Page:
The world faces many economic and political crises with possible deadly wars in several hot spots such as Iran, Middle East, North Korea, and Taiwan. The world has not yet recovered from the economic crisis of the global COVID-19 Pandemic in addition to climate change crisis and its impact on agricultural areas. Concerns about global food security continue to increase especially in light of the ongoing Russian-Ukrainian war where both are the main source of wheat for many countries. Social unrest motivated by food shortage, energy crisis, and other political factors made matters worse. Additionally, the water shortage crisis in Africa stemming from building the Ethiopian Dam substantially affected agricultural productivity in Egypt and Sudan to say the least.
The UAE, as always, has prepared for an emergency like this and launched many initiatives to reduce the food security crisis effect on its citizens and neighboring countries. Additionally, they are developing strategies with regional and global partners establishing a humanitarian bridge towards food safety and security, the National System for Sustainable Agriculture, the Fish Farming Pulse Guide 2020, the Emirates Food Bank, the federal program to organize the strategic stock of food commodities during emergencies and crises, and the Pioneers of Food and Agriculture program which will continue over the years 2023 to 2025 empowering young human capital annually to commercially manage agricultural and livestock industries.These programs represent important steps towards utilizing the capabilities of entrepreneurs to support agriculture and livestock in the Emirates by transferring the urgently needed expertise and encourages them to launch businesses that can advance these industries.
In this context, for two days, Abu Dhabi hosted 50 to 60 leaders and specialized experts from governments, academia, and the private sector, as well as governmental and non-governmental funding bodies. This included representatives from the UAE, Israel, Jordan, Morocco, Bahrain, Egypt, the United States, and selected Arab and Islamic countries that do not have formal diplomatic relations with Israel, who came together to talk about cooperation in the fields of agriculture, water and food security as part of the N7 initiative. N7 is a partnership project between the Atlantic Council and the Jeffrey M. Talpins Foundation, and will develop ideas and practical proposals for regional projects that can be implemented by governments in the Middle East region. Some of the participants are U.S. Senator Cory Booker (D-NJ), U.S. Senator Joni Earnest (R-IA), a group of U.S. Senators who support the Abraham Accords, U.S. Representative Michael McCaul (Chairman of the U.S. House Foreign Affairs Committee), U.S. Representative Brad Schneider, Tom Needs (U.S. Ambassador to Israel), Tzachi Hanegbi (Head of the Israeli National Security Council), and former British Prime Minister Tony Blair.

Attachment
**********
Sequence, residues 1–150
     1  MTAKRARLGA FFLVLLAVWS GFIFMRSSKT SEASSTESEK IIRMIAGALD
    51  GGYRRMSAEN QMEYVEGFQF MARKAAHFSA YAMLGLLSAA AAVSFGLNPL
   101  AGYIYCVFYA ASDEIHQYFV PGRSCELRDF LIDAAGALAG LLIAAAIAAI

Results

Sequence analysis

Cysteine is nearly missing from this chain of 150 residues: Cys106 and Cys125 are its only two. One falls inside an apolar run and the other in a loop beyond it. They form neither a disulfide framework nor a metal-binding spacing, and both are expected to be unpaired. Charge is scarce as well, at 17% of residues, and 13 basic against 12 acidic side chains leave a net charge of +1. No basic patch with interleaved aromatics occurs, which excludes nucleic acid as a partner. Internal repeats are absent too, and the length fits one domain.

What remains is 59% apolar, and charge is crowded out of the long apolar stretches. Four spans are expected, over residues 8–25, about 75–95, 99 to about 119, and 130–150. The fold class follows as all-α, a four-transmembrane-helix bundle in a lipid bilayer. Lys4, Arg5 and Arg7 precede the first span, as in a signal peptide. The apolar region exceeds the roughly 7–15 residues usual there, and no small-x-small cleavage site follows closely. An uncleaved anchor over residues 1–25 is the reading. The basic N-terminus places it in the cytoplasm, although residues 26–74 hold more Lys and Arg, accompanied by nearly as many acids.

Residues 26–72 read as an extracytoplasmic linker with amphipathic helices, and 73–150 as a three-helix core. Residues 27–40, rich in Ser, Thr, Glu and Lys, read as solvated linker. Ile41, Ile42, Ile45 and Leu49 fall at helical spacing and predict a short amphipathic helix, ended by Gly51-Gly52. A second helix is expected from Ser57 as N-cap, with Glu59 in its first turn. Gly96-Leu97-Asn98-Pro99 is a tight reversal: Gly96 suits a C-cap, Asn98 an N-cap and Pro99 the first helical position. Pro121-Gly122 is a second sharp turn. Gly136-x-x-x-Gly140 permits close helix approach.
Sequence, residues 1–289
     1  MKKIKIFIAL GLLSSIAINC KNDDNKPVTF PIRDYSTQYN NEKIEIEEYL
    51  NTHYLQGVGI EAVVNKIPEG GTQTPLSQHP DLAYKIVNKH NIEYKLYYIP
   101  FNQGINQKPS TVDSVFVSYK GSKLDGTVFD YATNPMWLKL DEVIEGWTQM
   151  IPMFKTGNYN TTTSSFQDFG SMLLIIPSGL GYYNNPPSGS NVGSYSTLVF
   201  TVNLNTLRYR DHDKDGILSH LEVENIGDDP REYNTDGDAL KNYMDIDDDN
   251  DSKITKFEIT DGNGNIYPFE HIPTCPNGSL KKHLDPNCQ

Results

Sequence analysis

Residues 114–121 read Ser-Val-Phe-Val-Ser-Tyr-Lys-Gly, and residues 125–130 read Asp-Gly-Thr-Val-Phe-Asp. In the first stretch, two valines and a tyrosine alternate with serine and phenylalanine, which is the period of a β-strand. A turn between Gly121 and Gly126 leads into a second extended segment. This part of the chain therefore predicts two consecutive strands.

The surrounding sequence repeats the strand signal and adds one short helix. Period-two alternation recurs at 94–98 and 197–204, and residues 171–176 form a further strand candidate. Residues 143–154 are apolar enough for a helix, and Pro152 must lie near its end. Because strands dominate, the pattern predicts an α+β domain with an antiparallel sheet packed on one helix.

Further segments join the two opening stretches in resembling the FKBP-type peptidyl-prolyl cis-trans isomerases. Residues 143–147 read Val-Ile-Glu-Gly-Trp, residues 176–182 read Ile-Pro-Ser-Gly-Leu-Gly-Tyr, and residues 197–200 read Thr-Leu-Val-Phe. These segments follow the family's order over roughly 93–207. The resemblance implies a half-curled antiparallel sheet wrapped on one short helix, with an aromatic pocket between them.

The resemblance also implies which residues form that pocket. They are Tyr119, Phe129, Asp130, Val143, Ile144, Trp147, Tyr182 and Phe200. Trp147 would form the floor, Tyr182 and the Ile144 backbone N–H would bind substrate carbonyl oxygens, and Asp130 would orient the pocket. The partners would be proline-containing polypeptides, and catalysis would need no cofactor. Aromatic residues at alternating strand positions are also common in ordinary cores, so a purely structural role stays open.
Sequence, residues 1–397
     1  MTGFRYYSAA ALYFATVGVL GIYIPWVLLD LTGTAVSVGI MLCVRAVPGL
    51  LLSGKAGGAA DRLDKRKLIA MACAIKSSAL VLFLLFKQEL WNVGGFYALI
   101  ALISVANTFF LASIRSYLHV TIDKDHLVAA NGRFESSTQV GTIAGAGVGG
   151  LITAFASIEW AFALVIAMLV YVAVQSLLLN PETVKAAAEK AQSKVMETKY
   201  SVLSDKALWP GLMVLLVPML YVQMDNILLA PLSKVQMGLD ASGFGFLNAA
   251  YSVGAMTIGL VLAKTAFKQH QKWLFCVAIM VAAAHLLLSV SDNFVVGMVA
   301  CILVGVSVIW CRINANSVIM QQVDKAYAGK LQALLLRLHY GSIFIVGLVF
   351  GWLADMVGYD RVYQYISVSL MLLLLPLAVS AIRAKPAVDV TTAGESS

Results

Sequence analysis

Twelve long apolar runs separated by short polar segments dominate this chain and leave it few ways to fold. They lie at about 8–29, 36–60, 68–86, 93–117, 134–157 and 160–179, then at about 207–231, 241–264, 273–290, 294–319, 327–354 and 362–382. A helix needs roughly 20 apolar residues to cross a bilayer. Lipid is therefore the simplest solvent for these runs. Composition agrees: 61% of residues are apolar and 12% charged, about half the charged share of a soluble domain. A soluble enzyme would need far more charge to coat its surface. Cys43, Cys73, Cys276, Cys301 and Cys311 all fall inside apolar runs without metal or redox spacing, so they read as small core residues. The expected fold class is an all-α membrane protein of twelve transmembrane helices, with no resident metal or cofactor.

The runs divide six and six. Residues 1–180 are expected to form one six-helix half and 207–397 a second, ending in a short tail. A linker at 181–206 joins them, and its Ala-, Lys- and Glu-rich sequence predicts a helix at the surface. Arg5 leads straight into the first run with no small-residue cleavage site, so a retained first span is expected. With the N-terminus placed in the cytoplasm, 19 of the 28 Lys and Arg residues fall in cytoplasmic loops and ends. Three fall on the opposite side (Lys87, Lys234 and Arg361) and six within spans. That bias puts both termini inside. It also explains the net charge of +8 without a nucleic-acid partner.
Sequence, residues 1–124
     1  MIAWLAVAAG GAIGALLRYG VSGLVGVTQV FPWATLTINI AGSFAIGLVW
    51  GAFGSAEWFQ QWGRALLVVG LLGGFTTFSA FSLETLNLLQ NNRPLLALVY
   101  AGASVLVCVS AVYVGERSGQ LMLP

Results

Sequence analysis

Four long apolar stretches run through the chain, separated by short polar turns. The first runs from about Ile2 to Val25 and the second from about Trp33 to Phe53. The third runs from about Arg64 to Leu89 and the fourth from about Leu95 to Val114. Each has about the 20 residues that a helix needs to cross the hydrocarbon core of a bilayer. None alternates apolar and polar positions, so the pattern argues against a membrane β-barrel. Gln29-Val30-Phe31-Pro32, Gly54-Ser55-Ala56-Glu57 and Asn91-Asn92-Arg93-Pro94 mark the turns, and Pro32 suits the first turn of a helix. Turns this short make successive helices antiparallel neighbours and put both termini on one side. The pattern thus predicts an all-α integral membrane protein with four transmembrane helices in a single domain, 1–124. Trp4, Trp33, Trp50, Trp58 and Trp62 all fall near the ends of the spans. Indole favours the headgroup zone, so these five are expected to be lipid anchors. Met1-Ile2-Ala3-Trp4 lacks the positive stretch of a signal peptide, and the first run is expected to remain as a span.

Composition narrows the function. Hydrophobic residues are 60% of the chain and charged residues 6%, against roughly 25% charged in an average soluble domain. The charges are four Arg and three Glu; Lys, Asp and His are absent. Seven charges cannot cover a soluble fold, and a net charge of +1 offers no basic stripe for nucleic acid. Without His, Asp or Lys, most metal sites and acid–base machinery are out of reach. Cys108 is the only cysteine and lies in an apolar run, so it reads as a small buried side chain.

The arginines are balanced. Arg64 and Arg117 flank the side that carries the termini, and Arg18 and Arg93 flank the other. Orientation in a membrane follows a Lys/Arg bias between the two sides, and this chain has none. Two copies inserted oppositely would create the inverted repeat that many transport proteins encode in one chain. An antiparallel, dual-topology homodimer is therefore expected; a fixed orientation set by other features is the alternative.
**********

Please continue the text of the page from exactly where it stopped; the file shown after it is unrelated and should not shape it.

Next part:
For context, Oren Eisner, President of the Jeffrey M. Talpins Foundation stated “Our goal is to produce creative regional solutions to common challenges related to climate change, water scarcity, and food insecurity”. Will Wexler, Senior Director of the N7 initiative, considered that N7 is unique in its ability to bring together a community of regional experts who had never had the opportunity to sit together at the same table. It gives them the opportunity at a key time in history to discuss a crisis that threatens humanity. Indeed, the proposed solutions in this gathering will have a tangible impact on food security worldwide.